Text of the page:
Levobetaxolol

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Levobetaxolol
Levobetaxolol structure.svg
Levobetaxolol-fill.png
Clinical data
AHFS/Drugs.comMicromedex Detailed Consumer Information
Pregnancy
category
  • US: C (Risk not ruled out)
Routes of
administration
topical (ophthalmic)
ATC code
  • none
Pharmacokinetic data
Elimination half-life20 hours
Identifiers
CAS Number
PubChem CID
IUPHAR/BPS
ChemSpider
UNII
ChEBI
ChEMBL
CompTox Dashboard (EPA)
Chemical and physical data
FormulaC18H29NO3
Molar mass307.427 g/mol g·mol−1
3D model (JSmol)
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Levobetaxolol is a drug used to lower the pressure in the eye in treating conditions such as glaucoma. It is marketed as a 0.25 or 0.5% ophthalmic solution of levobetaxolol hydrochloride under the trade name Betaxon. Levobetaxolol is a beta-adrenergic receptor inhibitor (beta blocker).

Indications[edit]

It is indicated for intraocular pressure reduction in patients with open-angle glaucoma or ocular hypertension.[1]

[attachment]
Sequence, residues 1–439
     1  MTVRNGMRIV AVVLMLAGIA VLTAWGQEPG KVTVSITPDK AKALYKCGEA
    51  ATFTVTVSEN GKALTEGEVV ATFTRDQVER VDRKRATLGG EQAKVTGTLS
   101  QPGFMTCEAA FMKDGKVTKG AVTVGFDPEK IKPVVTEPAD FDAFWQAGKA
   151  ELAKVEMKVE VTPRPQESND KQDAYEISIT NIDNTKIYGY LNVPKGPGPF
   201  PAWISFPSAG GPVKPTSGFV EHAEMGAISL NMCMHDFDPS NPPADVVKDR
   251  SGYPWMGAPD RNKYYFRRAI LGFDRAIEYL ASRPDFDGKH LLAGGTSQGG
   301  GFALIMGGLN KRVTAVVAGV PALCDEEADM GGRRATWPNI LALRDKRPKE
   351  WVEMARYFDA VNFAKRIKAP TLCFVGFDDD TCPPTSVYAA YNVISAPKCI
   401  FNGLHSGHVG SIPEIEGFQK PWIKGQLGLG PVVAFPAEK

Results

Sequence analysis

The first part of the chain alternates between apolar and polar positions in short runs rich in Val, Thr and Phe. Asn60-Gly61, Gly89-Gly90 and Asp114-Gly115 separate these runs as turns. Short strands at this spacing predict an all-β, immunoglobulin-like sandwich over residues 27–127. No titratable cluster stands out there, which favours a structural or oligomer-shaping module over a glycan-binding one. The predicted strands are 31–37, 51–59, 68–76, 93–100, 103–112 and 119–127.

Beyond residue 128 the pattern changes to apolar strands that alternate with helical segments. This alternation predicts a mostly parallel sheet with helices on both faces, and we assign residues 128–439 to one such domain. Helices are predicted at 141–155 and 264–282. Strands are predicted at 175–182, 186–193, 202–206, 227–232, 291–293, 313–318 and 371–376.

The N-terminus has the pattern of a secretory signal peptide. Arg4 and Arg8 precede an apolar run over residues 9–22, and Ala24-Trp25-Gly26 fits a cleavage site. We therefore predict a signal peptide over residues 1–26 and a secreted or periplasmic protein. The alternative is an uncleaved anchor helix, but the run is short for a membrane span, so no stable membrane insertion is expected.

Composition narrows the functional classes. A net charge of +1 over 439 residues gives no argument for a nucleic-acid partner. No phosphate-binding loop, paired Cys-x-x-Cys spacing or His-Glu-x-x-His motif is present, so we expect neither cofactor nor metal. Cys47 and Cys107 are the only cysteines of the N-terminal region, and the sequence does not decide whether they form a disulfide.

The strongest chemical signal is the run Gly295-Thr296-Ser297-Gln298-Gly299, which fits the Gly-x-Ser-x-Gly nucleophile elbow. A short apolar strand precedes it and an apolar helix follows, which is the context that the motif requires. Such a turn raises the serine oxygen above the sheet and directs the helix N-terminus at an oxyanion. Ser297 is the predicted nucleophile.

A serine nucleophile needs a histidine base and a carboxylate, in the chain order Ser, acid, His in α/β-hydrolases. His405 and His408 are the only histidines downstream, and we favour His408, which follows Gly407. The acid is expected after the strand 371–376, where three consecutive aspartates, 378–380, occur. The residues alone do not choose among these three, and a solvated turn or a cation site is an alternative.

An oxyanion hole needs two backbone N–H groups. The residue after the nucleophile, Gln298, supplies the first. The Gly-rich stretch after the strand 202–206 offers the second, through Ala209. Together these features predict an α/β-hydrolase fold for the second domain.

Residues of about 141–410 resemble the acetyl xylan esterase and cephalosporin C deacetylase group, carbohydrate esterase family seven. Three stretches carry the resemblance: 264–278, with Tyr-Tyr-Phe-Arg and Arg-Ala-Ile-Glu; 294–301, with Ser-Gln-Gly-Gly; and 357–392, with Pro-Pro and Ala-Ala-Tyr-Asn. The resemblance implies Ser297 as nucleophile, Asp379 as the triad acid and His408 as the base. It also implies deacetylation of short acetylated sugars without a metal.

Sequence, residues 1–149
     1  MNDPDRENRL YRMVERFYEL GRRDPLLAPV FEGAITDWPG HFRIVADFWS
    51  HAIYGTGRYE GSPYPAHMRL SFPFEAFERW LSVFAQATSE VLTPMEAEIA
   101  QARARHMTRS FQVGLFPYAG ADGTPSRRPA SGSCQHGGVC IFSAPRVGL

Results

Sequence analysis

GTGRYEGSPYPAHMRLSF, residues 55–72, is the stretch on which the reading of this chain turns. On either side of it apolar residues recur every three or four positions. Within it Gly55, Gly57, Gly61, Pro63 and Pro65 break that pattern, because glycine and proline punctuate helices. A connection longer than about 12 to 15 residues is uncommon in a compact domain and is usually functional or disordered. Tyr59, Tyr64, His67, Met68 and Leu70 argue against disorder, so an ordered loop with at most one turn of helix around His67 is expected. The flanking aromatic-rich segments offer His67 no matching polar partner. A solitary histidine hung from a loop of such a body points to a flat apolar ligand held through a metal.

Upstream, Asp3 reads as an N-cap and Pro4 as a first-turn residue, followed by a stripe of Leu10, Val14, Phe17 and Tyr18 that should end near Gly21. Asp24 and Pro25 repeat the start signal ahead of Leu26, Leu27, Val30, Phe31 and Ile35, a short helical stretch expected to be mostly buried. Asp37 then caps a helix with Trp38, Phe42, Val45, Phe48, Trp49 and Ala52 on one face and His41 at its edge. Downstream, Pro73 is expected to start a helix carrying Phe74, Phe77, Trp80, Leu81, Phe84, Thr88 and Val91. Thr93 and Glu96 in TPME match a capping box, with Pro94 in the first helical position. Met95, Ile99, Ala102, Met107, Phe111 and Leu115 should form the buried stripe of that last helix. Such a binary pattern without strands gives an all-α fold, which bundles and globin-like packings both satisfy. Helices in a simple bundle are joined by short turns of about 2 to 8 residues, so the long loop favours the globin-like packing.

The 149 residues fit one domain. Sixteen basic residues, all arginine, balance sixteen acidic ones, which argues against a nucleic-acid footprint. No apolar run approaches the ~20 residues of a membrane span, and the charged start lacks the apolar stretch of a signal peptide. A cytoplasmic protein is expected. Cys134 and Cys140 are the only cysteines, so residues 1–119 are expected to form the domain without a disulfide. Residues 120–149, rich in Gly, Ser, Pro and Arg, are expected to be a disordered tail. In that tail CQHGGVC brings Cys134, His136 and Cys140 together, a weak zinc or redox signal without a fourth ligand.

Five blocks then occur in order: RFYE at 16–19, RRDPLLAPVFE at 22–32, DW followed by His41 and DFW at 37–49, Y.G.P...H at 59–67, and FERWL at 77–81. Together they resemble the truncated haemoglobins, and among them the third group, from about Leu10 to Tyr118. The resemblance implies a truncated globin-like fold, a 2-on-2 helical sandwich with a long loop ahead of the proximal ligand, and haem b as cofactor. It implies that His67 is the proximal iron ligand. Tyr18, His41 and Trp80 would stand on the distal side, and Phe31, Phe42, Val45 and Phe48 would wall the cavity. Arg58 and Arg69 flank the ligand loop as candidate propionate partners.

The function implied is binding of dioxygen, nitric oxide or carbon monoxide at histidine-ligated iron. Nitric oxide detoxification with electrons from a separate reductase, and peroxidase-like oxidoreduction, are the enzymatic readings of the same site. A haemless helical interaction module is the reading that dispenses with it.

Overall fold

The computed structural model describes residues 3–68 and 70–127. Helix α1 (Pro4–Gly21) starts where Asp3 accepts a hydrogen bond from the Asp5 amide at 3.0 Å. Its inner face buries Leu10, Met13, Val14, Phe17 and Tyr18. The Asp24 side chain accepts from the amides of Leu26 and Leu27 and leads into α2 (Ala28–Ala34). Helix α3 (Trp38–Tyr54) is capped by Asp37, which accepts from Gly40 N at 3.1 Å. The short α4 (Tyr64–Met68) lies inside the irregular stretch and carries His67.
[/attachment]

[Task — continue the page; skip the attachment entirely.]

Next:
Effect[edit]

Levobetaxolol inhibits the beta-1-adrenergic receptor. When applied topically, it reduces intra-ocular pressure (IOP) by 16-23% depending on time of day and the individual. It also has neuroprotective effects.[1] Levobetaxolol has fewer cardiovascular side effects than other beta blockers.

Contraindications and side effects[edit]

Levobetaxolol should not be used by people who have sinus bradycardia, atrioventricular block, cardiogenic shock, or overt cardiac failure. The drug has been associated with bradycardia and hypertension.[citation needed]

History[edit]

Levobetaxolol was developed in the 1980s.[1] It was FDA approved in 2000.[2]

References[edit]

  1. ^ a b c Quaranta, Luciano; Turano, Raffaele; Pizzolante, Teodoro (2007). "Levobetaxolol hydrochloride: a review of its pharmacology and use in the treatment of chronic open-angle glaucoma and ocular hypertension". Clinical Ophthalmology (Auckland, N.Z.). 1 (2): 93–97. ISSN 1177-5467. PMC 2704505. PMID 19668496.
  2. ^ "Betaxon New FDA Drug Approval | CenterWatch". www.centerwatch.com. Retrieved 11 April 2019.